It would be easy if my audiences are computer literate already or somehow has knowledge in using computers.

This is my first time designing for those who are not.

I have Cancel/Back and Next button originally like this.

Would like to move it on the Panel's footer to make the button's location consistent throughout the wizard like this.

But something just feel like it's not right, or I don't know if I'm biased.

Aside from that,

I made two versions of step 2 which is creating a Product Category in case it is not on the list from step 1.

I have 2 goals here:

  • Explain what each option will do
  • Guide them on their selection.

2 somewhat different form will be presented whichever they would choose

Version 1

Upon choosing an option, they will proceed to the step 3 which is the form already.

Image v1

Version 2

Explanation and form is included already in one page separated by navigation tabs

Image v2

-- EDIT --

My final design that looks good so far:

The Form


The Modal


  • The images you've linked above are not available anymore, or not currently loading. Is it possible for you to put these images inside of your question?
    – Adnan Khan
    Commented Jul 31, 2017 at 23:11

3 Answers 3


At the moment, the user flow is not very clear to me. Might be worth to sketch a few interaction flows and wireframes before proceeding.

Suggestions based on first impressions:

1) make more obvious which step the user is in ( I assume the icons on top represent the steps along the multi step wizard?) and how much the user has progressed in the completion of the form

2) Use 'previous' instead of cancel

3) Is there any chance to open an accordion when the user ticks 'category not on the list' to give them the choice of choosing between category and sub-category without leaving the page (saving them an extra step)


  • Number 3, that's what this question for actually. But I managed to solved this all I guess. I found out that I don't need to make this wizard. There's a link/help text at the bottom of category dropdown that opens up a modal and will ask what type of category would they want to create. I'll make an edit
    – jen
    Commented Jul 6, 2016 at 9:36

The two primary points I got from what you want above, is a clear way to describe what's going on in the page/tab they're on, and consistency.

What I do to facilitate this is I create a panel on the bottom, very similar to the one you have on top that contains the title.

This is where I put the buttons Next, Previous, Cancel.

If I need to display a description of the page, or a description of the selected form element, I usually crate an additional panel above the one I just described to hold that information.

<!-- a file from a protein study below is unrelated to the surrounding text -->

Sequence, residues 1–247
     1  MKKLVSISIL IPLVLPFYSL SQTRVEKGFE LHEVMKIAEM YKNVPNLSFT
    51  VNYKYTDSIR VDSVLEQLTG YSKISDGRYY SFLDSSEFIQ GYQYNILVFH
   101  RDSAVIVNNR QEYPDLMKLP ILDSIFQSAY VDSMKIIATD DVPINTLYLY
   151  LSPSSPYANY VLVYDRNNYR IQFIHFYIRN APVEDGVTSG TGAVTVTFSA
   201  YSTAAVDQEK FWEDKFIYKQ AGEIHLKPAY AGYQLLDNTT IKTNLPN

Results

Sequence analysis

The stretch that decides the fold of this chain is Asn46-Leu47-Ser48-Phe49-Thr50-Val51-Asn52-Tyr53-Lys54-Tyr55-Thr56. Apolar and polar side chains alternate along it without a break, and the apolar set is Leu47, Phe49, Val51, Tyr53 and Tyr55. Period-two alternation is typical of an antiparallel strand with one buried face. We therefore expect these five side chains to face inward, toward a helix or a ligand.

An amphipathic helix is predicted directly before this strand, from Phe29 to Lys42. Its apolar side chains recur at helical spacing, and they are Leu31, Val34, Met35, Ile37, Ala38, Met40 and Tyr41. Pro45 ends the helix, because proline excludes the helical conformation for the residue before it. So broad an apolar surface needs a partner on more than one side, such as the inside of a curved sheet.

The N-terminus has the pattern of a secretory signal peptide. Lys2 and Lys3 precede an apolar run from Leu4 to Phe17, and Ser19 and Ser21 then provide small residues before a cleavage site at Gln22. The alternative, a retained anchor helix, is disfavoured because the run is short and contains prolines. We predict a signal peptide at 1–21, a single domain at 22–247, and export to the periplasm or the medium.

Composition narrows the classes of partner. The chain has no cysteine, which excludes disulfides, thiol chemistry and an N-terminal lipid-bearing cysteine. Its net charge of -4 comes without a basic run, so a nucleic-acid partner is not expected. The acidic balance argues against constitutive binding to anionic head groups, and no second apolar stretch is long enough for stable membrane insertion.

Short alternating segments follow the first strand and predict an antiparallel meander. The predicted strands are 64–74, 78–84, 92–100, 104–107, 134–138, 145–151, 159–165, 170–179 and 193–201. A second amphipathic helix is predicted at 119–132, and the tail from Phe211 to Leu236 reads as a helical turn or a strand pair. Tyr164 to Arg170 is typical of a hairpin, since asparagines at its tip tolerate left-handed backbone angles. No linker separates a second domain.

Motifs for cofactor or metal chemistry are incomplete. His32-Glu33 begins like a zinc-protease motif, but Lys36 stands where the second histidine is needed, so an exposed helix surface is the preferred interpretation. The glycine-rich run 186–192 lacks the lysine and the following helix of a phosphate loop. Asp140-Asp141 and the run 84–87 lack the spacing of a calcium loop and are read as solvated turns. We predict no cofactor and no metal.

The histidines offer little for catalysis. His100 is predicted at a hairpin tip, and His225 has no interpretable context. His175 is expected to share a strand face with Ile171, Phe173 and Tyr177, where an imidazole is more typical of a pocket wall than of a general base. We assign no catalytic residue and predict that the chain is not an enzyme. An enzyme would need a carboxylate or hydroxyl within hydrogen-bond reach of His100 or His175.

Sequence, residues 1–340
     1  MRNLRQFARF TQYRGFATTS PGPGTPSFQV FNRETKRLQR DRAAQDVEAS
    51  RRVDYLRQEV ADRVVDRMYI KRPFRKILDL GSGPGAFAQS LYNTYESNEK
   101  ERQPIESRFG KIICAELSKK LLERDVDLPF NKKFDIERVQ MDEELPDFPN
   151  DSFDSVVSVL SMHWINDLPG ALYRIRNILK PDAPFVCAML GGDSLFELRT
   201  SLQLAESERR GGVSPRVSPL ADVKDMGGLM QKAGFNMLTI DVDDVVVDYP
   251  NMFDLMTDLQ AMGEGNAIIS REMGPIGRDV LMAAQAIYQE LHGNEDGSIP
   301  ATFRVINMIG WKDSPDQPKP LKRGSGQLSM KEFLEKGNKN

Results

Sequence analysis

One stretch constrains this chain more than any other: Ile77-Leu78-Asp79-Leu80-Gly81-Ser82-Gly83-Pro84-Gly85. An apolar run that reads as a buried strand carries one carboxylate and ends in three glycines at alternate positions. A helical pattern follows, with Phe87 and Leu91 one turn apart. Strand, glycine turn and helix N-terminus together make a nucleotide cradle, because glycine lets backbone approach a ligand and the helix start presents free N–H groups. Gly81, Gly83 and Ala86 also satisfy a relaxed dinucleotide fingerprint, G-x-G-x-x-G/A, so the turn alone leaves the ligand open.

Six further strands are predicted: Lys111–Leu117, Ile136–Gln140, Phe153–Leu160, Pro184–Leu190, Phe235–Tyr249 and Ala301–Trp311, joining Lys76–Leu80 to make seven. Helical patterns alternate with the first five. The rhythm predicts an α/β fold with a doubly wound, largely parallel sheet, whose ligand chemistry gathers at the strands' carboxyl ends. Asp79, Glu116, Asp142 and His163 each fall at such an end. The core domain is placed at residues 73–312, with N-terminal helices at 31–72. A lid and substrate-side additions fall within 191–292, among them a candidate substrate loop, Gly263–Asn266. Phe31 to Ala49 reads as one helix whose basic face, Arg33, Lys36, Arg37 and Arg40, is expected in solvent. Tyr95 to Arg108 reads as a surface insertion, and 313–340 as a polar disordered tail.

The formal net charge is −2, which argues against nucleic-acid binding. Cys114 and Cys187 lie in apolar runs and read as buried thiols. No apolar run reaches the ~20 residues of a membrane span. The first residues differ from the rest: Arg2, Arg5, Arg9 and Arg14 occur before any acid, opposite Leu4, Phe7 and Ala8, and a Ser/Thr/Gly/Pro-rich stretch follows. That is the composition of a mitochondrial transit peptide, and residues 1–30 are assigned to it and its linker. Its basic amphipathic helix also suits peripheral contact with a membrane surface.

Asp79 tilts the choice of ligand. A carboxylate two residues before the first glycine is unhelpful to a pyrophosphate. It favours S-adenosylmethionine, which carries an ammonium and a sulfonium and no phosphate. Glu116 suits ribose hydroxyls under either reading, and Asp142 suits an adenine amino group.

A quick google search gave me the image below as an example.

enter image description here

Another option for 'Description/Help' is to use a Help Button/Icon in the same button panel that can describe the page if needed, but doesn't take up real estate unless needed.

Googling around, it looks like this is a pretty normal/standard way of presenting a wizard.

  • Not the page/tab but rather the choices.
    – jen
    Commented Jul 1, 2016 at 14:39

Some suggestions:

  • In your first image, Move the "Back" button to the far left, and the "Next" button to the far right. (I am assuming that your users read left to right.)

  • Make the colored graphic that contains the icons the same width as the content below it

  • Instead of labeling the buttons "Back" and "Next," label them with the destination. For example, "<- Basic Information" and "Product Category -->". You can use fa-caret-right and fa-caret-left if you're using FontAwesome.

You should avoid use of the two dots as navigation as in your second image. By convention, form wizards generally don't use them for navigation. They are usually used for carousels that contain images.

  • That dots aren't navigation. It's actually a radio button. Just put it there to show that the 2 options are labels. 1st suggestion's good, i did not get the 2nd one tho, 3rd one is good also. I'll try those 2
    – jen
    Commented Jul 1, 2016 at 14:36
  • nevermind. Got what you mean now.
    – jen
    Commented Jul 1, 2016 at 14:57
  • Did you mean the exact opposite about the back/next buttons? I would have presumed you meant Back button on the far left and Next button on the far right?
    – scunliffe
    Commented Jul 6, 2016 at 10:34
  • Sorry, correct - will update the answer Commented Jul 6, 2016 at 12:48

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